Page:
4. You can highlight an annotation as important, but nobody else will see the annotation highlighted
  5. You just need basic Read & Analyze rights to create annotations in a GA view, which is not necessarily bad. But what if you want someone to only highlight an event and not having access to your GA data? You can't...

Spreadsheets (Shared, or not...)

We've seen all kind of spreadsheets with a very laudable intention of sharing relevant information with everyone in the company.

And they do their job, as you can add a lot of context to each of the changes you track there.

You can even add some highlights regarding the impact that the change had on your KPIs...

annotations spreadsheet

Main problems of spreadsheets

And as with GA annotations, we find some issues with this method:

  1. Annotations on a spreadsheet are not next to our KPIs
  2. Not everyone in the team/company likes opening a spreadsheet to add notes
  3. Not everyone in the team/company likes opening a spreadsheet to see notes
  4. People can easily forget about adding annotations, as with all manual processes
  5. Best practices say that you still need to keep annotations flow in GA

Endless emails chains

And what about those endless (and useless?) emails we all receive from time to time, informing (spamming?) everyone on the company about what did and didn't go live to production during the past sprint/week/month...?

It's a little bit sad that we're still sharing this kind of information through emails in 2018.

Main problems of emails

  1. Annotations on your emails are far far away from your reports
  2. People usually hate sending this kind of reporting
  3. People usually hate consuming this kind of reporting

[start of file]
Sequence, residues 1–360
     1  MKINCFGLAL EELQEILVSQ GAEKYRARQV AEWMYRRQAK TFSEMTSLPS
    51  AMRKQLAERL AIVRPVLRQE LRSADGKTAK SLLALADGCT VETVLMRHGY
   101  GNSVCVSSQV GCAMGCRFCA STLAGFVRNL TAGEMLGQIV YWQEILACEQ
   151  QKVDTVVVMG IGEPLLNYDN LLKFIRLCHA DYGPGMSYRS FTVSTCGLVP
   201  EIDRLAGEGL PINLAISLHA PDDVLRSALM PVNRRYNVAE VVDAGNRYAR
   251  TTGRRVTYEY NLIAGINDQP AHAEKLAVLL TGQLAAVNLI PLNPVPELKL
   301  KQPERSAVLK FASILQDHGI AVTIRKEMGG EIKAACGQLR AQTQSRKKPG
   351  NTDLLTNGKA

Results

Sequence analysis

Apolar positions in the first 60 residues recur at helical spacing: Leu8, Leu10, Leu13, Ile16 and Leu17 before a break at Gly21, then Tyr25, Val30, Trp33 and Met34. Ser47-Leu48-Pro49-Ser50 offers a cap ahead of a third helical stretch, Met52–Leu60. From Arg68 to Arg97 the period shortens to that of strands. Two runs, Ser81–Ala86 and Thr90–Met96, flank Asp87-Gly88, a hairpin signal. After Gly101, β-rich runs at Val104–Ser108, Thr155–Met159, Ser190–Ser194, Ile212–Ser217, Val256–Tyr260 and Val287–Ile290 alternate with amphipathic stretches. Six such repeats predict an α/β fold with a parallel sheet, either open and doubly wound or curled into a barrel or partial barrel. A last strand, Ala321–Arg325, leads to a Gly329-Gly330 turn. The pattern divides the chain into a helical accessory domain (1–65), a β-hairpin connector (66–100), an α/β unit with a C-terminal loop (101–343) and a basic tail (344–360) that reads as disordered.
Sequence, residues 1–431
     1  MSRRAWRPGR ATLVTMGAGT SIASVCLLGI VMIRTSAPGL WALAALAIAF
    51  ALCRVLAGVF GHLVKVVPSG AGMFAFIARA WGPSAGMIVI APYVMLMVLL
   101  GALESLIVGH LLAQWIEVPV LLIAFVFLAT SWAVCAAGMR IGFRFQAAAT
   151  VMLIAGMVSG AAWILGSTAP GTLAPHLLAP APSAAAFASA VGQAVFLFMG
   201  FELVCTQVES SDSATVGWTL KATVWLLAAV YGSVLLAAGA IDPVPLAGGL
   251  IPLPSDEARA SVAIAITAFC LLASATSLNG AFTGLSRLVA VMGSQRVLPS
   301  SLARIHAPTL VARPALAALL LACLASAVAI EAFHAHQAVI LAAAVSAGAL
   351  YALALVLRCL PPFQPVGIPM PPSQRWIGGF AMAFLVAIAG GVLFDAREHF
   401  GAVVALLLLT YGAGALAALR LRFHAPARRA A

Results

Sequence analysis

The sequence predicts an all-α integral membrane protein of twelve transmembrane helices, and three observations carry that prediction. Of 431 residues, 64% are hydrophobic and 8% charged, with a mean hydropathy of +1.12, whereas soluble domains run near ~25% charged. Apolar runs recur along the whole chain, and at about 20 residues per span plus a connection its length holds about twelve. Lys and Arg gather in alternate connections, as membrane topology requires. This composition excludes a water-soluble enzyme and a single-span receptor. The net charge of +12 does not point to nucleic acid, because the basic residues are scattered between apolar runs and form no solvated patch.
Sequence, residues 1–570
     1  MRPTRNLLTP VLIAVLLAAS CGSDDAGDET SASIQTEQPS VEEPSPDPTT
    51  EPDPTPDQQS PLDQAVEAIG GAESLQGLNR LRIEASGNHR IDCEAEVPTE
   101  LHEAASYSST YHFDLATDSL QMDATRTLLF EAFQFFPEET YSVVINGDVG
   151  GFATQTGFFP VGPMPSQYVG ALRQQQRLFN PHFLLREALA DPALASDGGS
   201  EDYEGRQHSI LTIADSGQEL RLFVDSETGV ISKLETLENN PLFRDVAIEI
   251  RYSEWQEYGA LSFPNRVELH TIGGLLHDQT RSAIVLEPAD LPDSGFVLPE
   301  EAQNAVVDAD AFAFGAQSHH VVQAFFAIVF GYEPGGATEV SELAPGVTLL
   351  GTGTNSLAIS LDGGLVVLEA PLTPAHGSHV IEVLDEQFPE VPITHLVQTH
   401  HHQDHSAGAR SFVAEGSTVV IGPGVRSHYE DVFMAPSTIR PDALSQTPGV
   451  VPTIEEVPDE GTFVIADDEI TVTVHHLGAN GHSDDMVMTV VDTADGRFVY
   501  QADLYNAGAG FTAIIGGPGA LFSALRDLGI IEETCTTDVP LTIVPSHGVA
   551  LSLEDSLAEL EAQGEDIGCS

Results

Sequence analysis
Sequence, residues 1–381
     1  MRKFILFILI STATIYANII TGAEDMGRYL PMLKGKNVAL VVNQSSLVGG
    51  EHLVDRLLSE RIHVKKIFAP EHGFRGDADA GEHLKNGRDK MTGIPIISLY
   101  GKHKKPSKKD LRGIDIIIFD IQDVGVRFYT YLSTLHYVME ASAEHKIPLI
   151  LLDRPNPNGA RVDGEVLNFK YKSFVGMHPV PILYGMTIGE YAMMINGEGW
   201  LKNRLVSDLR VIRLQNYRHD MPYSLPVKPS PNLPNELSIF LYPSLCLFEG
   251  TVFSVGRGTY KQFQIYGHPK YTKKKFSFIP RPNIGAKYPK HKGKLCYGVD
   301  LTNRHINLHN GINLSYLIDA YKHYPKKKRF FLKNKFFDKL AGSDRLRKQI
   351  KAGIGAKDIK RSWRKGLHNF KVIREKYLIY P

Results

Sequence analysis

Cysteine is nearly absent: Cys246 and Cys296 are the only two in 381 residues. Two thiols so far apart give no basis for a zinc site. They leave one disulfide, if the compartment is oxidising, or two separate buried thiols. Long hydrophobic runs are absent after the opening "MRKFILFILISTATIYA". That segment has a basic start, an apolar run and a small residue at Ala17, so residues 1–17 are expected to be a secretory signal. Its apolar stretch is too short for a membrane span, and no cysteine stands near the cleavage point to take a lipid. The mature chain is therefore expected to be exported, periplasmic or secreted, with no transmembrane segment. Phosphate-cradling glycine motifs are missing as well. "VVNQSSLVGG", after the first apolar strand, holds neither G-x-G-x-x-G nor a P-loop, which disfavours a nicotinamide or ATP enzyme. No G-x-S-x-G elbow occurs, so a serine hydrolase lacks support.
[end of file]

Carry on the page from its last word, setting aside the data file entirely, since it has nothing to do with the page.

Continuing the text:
4. Best practices say that you still need to keep annotations flow in GA
  5. We usually get the information late, not exactly when it happens

With Context, you can automate and centralize your annotations workflow

Tired of adding manual annotations in Google Analytics; tired of maintaining boring spreadsheets; and tired of reading and sending emails with significant and insignificant updates, we took a step forward and started building a solution ourselves.

With Context, we want to fix the tedious and tiresome process of logging everything that affects the KPIs we’re responsible for.

We're building Context Annotations API to automatically send relevant business events to our dashboards. Events such as code deployments, newsletters launches, social media updates...

And we're providing some relevant information in Context reports by default so we don't have to add it periodically, such as google algorithm updates or public holidays.

Context is on private beta mode on

Almost 150 people signed up for Context private beta. nd we are very grateful to each and every one of them. Because with their help, we hope to launch the public beta very soon.

Context public beta coming soon

We'll be launching Context private beta very soon. And you're more than welcome to join us ;)